The TV chef has revealed the one Christmas favourite he leaves off the menu.
If TV chef Gary Mehigan was cooking your Christmas lunch, you’d be forgiven for expecting a three-course meal and succulent turkey.
But that’s not how the Good Food Every Day author does it in his house, with turkey off the menu and first courses replaced with nibbles and a glass of champagne.
While he is in charge of the cooking, Gary's number one priority is making sure he's not stuck in the kitchen missing out on spending time with friends and family.
'I'm not a very traditional lunch kind of person,' he says.
'Obviously I'm English, but after years of hospitality the idea of turkey on Christmas Day turns me off. My Christmas dinners tend to be made up of the season's best — you’ve got asparagus, fresh peas, artichokes, summer greens and all kinds of crunchy and delicious ingredients.’
Instead of making an extravagent entree or slaving over a hot stove, Gary instead spends time with his guests around a kitchen table strewn with nibbles.
‘Back in England, mum would try to do three courses. Everything was hot — we got soup, turkey, ham, hot roast potato — she’d be working her socks off,’ he says.
The barbecue is always a main feature of Christmas in the Mehigan household, and while he still glazes a holiday ham, he likes to keep things simple.
'It always seems crazy that on what could possibly be a 38 degree day the Anglo-Saxon community in Australia are sticklers for these hot, sweaty lunches with turkey,' he says.
When it comes to dessert, Gary still continues to buck the trend and likes to serve his guests cold or light desserts, with a steamed mulberry and sour cherry treacle pudding his top pick.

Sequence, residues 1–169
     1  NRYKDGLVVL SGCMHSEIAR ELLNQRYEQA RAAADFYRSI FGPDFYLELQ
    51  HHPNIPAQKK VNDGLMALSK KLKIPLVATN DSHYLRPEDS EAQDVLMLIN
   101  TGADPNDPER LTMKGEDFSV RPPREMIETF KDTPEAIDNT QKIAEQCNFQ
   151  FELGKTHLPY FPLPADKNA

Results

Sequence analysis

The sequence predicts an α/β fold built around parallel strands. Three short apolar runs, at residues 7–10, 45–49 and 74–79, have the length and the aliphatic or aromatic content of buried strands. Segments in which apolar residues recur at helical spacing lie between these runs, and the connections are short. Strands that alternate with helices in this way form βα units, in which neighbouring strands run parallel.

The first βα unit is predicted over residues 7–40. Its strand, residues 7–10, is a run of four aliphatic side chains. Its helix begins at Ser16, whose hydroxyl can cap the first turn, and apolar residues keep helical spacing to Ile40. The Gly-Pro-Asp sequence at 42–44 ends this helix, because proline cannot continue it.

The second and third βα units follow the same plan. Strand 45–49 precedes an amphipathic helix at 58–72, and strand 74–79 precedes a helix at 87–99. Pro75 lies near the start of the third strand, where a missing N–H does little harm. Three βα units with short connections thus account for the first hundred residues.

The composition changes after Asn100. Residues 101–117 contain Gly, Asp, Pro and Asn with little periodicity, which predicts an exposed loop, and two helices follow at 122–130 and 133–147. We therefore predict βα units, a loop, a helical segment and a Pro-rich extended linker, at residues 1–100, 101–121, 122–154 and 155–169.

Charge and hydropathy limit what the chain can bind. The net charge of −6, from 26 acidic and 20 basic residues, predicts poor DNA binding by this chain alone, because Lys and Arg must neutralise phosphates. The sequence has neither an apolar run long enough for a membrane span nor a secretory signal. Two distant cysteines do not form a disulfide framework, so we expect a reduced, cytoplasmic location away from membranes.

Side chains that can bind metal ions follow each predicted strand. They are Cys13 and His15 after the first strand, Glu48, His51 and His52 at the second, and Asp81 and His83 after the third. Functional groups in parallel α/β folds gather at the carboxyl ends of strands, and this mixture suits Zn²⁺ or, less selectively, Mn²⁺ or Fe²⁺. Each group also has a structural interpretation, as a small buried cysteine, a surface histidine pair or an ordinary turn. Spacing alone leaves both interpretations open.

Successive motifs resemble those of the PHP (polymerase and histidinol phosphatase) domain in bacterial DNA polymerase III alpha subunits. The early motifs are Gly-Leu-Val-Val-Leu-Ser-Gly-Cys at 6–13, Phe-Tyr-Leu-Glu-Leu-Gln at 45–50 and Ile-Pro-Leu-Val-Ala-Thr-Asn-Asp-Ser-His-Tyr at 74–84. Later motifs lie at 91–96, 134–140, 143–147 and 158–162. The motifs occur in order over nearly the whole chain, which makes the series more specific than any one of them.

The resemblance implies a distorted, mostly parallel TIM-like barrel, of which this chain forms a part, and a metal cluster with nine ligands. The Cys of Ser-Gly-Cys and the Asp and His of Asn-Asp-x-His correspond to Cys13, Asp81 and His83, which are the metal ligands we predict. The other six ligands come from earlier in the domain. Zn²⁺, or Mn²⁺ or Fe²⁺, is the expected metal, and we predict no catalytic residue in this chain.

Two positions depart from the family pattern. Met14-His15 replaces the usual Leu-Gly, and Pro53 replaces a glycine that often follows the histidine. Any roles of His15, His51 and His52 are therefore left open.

‘It’s a traditional Christmas recipe from my grandad,’ he says.
‘It still has the kind of flavour of Christmas pudding but it’s just lighter, and it can be made in advance.
‘I also have a plum tart, it doesn’t immediately make you think of a traditional Christmas, but it’s still festive and extravagant. It could even be a tiramisu to be honest, it doesn’t have to be a traditional Christmas if it can be pre-prepared and easy.’
Gary’s Christmas menu suggestions
If you need some inspiration for what to serve on Christmas Day, Gary has some ideas from Good Food Every Day that will be sure to help you impress friends and family while still ensuring you get to enjoy the holiday as well.
Firstly, he says the first course should just be an array of nibbles on the kitchen table to enjoy with a glass of champagne before the main feast.
He recommends a chicken liver pâté, an asparagus with goat’s curd and green olive tapenade or a beetroot and feta dip.
Gary also suggests salmon rillettes with little toasts as a nice Christmas starter.
‘It’s a really easy recipe and you can make some little toasts out of day-old baguette — just brush it with butter and salt and pepper and pop it in the oven for 10 minutes,’ he says.
‘Those little toasts then also become vehicles for the dips or bruschetta.’
Gary says a lamb dish or some pork belly could be great star dishes for Christmas lunch.
‘Crispy cracking pork belly with green bean, celery and apple salad, slow-cooked leg of lamb with onions, garlic and gravy or lamb cutlets — this is why I like the idea of the barbecue — these are the kinds of things I would probably do,’ he says.
Other than cold or light desserts like the plum tart and steamed mulberry and sour cherry treacle pudding, Gary says he enjoys an apple pie despite it being an untraditional dessert choice for Christmas.
‘I sit it on the kitchen bench, served with some Crème Fraîche,’ he says.
While Gary steers away from some Christmas traditions, he admits he still makes his family a fruit pudding.
‘But we have to have the trifecta — ice cream, cream and custard, we have to have all three.’
Lastly, the TV chef says some sweet biscuits can also be the perfect nightcap.
‘They’re great to have in the evening — Greek walnut biscuits, peanut and white chocolate chip cookies, chocolate honeycomb, shortbread or honey madeleines,’ he suggests.
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